Case Closed? Nine Mysteries Unlocked by Modern Science
by Susan Hughes, illustrated by Michael Wandelmaier

(Suggested reading level: Grades 4-6)

Amber (10) is a big fan of non-fiction, but they can sometimes be hard to find for her age range. This one she really enjoyed. We read it aloud over three evenings, and all the mysteries were interesting.I have to say that she was a little leery of reading it at first. I think she thought it was going to be boring, but after the first page of the first case, the story of a female pharaoh in ancient Egypt, she was hooked.

The nine “mysteries” range from in time period from the ancient world to the 1970s. The include a city that disappeared into the desert, several explorations that were never heard from again, and the story of Princess Anastasia.

“Using both traditional search methods and modern technology, researchers around the globe are now shedding new light on old mysteries. In these pages, you’ll meet the dedicated sleuths from different fields who have been seeking answers to nine disappearance, both ancient and recent. find out which tools and techniques have been most important to each case and why.” (pg. 4)

Each case is set up in the same way. I’ll the section on The Anasazi as an example, since that was one of Amber’s favorites. It starts with an introduction telling about the modern investigator who has become interested in the case. The next section gives the background, the original story.  The Anasazi had been a thriving community in the southwest US, but around 1300 CE they left their homes and vanished. The mystery is where did they go.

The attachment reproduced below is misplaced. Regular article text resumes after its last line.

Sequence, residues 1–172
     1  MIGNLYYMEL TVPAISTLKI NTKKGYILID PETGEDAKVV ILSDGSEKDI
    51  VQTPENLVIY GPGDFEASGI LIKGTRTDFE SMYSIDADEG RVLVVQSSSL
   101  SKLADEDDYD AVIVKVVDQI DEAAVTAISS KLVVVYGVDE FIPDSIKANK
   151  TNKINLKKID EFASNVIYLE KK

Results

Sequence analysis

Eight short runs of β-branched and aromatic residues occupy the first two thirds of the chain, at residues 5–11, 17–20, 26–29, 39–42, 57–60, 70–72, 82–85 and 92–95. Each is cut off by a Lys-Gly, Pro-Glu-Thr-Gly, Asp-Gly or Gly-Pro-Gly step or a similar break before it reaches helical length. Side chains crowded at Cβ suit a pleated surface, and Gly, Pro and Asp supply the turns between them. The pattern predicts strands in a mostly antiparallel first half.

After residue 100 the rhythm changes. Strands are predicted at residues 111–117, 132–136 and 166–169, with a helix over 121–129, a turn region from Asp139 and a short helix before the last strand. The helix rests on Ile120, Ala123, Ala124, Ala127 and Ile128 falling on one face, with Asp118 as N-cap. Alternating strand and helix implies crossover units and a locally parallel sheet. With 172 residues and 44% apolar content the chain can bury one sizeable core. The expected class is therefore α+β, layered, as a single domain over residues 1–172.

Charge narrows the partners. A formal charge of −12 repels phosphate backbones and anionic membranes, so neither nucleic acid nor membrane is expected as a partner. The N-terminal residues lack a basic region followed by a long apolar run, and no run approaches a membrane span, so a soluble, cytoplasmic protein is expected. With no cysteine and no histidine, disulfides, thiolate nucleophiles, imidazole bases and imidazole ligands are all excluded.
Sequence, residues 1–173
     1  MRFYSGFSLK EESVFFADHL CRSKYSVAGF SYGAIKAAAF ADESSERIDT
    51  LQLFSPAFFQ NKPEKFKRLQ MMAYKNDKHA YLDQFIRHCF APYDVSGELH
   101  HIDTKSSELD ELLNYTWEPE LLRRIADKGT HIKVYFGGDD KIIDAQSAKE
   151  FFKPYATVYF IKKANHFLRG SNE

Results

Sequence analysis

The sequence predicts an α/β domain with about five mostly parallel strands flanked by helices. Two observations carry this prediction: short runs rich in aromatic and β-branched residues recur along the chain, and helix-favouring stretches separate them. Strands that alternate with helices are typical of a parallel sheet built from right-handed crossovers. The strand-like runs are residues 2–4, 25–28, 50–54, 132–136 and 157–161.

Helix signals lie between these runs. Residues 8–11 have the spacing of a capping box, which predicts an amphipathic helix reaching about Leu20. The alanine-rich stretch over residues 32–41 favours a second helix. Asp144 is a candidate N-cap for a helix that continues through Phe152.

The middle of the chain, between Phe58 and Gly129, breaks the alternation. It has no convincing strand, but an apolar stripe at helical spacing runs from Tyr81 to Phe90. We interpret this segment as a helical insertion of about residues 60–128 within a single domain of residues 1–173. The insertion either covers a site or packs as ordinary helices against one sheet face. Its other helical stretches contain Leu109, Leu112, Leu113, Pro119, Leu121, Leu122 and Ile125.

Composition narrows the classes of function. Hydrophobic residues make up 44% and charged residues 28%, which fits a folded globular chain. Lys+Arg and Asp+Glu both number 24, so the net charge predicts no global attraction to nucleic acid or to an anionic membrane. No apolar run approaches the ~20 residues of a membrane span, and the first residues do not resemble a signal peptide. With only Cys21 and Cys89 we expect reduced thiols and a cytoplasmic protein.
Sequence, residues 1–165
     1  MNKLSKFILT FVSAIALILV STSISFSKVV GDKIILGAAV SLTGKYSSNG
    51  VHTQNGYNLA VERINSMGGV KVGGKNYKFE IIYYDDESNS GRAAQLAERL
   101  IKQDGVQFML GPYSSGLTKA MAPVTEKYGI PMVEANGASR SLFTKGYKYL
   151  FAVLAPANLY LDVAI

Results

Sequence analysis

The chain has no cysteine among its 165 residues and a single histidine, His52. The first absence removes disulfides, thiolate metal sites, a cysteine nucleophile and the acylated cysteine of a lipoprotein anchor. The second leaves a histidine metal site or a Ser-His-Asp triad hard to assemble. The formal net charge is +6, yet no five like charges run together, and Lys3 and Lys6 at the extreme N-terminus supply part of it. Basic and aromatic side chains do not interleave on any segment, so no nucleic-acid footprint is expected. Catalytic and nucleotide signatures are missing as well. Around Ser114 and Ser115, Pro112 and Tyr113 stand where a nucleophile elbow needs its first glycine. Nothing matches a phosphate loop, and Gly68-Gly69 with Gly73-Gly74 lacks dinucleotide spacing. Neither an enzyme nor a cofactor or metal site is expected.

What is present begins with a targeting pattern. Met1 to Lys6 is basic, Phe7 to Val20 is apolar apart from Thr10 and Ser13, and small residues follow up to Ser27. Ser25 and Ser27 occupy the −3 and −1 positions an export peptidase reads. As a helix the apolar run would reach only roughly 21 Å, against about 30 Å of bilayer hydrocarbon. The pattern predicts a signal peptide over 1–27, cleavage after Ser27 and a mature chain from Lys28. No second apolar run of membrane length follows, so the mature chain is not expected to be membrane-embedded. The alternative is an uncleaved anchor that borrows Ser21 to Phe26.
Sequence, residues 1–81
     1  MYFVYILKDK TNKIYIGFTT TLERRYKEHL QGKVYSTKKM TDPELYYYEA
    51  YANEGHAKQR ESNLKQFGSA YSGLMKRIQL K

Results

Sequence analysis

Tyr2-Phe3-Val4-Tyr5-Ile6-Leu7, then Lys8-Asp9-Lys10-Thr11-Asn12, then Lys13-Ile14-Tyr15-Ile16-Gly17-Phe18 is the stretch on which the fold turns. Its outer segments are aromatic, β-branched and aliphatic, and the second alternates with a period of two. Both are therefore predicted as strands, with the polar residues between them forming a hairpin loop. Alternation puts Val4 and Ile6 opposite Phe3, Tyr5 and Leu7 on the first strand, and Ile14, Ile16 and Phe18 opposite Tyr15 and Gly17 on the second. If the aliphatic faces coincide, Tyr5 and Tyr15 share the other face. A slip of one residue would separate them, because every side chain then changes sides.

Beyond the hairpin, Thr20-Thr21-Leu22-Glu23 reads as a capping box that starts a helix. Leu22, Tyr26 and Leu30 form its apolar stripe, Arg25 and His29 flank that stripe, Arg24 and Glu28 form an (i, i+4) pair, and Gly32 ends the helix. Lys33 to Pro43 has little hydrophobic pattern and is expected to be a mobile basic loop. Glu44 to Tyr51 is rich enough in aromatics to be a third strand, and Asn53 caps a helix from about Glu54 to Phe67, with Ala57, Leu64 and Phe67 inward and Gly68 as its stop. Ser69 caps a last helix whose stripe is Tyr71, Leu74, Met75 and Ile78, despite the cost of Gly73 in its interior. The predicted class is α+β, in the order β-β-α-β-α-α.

Then comes the investigation. In this case, archeologists studies the remains found in the area. Researchers also turned to dendrochronolgy to learn about the precipitation then. That was a new word for me. As the book explains, it’s the study and dating of tree rings. Archeologists, a social scientist and a computer modeler then all worked together to create a computer simulation program that duplicated as much as possible the time period.

The final section is each case is a wrap up. The Anasazi apparently merged with other peoples , but the question is still open. “What combination of factors actually caused the Anasazi people to leave their homes?” (pg. 42)

Within the stories are clear, full color illustrations showing the different parts of the mystery, from the original people involved to the modern investigation. Photos and maps are also included. There’s a lot to look at and to learn.

Hughes has managed to make science and history fun and exciting.

Purchase at Amazon, IndieBound, or The Book Depository.

88 pages
Published August 1, 2010

4½ out of 5 stars

Challenge: 100+

I received my copy from the author for review and the above is my honest opinion.


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